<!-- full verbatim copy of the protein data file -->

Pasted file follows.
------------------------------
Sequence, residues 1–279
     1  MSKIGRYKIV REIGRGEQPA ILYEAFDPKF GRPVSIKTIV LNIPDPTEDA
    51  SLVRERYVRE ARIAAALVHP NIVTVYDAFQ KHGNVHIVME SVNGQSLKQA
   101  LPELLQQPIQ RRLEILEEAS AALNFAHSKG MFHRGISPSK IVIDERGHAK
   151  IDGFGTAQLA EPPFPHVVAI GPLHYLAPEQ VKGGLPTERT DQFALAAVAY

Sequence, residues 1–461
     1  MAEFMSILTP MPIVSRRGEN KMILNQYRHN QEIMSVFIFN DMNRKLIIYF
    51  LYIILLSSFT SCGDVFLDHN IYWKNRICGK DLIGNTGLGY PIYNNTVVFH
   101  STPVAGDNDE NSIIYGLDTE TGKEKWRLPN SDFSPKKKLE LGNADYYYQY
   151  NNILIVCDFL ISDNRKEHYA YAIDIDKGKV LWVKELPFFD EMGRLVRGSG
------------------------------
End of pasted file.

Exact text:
Sequence, residues 1–279
     1  MSKIGRYKIV REIGRGEQPA ILYEAFDPKF GRPVSIKTIV LNIPDPTEDA
    51  SLVRERYVRE ARIAAALVHP NIVTVYDAFQ KHGNVHIVME SVNGQSLKQA
   101  LPELLQQPIQ RRLEILEEAS AALNFAHSKG MFHRGISPSK IVIDERGHAK
   151  IDGFGTAQLA EPPFPHVVAI GPLHYLAPEQ VKGGLPTERT DQFALAAVAY

Sequence, residues 1–461
     1  MAEFMSILTP MPIVSRRGEN KMILNQYRHN QEIMSVFIFN DMNRKLIIYF
    51  LYIILLSSFT SCGDVFLDHN IYWKNRICGK DLIGNTGLGY PIYNNTVVFH
   101  STPVAGDNDE NSIIYGLDTE TGKEKWRLPN SDFSPKKKLE LGNADYYYQY
   151  NNILIVCDFL ISDNRKEHYA YAIDIDKGKV LWVKELPFFD EMGRLVRGSG